At the end of May, India’s External Affairs Minister (EAM) S. Jaishankar wrapped up a five-day visit to the United States—the first cabinet-level visit from India to the Biden administration. There are five key takeaways from this visit, which came just as India starts to emerge from a devastating second wave of COVID-19.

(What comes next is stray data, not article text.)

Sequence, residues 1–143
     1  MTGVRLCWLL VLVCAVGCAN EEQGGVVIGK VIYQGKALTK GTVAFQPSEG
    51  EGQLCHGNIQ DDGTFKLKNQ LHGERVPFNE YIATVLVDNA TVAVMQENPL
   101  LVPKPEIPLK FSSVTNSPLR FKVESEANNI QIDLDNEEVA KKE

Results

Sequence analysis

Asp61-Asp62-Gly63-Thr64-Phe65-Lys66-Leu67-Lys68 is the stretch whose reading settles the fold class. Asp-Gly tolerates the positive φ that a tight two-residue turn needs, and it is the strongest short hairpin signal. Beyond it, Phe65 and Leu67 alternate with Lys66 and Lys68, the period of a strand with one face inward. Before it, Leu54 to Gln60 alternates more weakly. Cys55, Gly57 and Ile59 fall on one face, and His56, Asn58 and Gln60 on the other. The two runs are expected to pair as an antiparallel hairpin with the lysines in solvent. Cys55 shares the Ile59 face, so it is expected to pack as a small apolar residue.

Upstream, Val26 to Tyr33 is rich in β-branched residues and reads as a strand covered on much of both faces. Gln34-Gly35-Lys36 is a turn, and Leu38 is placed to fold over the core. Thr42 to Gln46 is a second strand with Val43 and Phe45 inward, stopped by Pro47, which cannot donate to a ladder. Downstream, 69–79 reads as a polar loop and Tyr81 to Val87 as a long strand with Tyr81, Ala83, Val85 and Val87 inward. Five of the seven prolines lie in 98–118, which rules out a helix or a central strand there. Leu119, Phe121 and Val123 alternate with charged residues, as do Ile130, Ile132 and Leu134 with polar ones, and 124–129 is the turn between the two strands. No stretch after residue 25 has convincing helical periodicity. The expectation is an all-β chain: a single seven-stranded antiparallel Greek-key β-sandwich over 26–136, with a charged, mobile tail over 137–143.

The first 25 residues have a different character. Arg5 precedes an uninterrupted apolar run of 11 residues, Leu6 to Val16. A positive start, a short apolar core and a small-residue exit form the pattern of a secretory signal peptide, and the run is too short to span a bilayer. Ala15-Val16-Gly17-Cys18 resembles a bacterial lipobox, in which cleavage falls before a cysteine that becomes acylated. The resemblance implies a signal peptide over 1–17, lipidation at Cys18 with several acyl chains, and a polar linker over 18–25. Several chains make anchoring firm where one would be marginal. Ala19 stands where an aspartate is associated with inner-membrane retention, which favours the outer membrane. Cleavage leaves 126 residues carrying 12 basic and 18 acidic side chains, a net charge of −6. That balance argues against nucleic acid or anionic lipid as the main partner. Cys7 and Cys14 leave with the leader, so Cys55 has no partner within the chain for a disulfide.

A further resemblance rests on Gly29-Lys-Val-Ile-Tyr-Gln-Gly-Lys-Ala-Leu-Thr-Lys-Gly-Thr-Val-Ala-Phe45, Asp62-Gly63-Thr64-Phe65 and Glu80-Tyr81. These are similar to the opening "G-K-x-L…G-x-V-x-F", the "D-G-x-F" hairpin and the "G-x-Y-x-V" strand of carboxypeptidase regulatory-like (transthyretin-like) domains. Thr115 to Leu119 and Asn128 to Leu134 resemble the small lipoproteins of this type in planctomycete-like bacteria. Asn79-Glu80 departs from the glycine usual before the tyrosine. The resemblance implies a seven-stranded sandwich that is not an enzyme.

First, India is tapping into the newfound synergy in its relationship with the United States at both the bilateral and multilateral levels to manage its immediate pandemic-related challenges. The pandemic laid bare the weaknesses of multilateral institutions, such as the World Health Organization and the World Trade Organization, and highlighted how nationalism around vaccines and medical supplies hampered global recovery. However, multilateral cooperation remains critical in the fight against COVID-19. Upon Minister Jaishankar’s arrival in New York, he discussed global vaccine solutions with the UN Secretary General, which include the need to strengthen vaccine supply chains to increase their production and to ensure their fair distribution. The deadly second wave of the virus caught India tragically off-guard. Dangerously large gatherings, a sluggish vaccination drive, together with lack of institutional foresight and few restrictions in place helped the virus mutate, overburdening the country’s health infrastructure and paving the way for a COVID disaster. Since then the world’s “pharmacy” and its largest vaccine producer has feverishly attempted to secure oxygen supplies, ramp up production of vaccines at home, and procure vaccines from abroad in a bid to vaccinate its massive population. India also aims to channel the Quad framework with the United States, Japan, and Australia to work on vaccine production, in addition to maritime security, climate change, emerging technology, supply chains, and connectivity. The EAM’s U.S. visit followed his participation in the G7 meeting in London, where the G7 Foreign ministers also underscored the need to ensure equitable global access to COVID vaccines.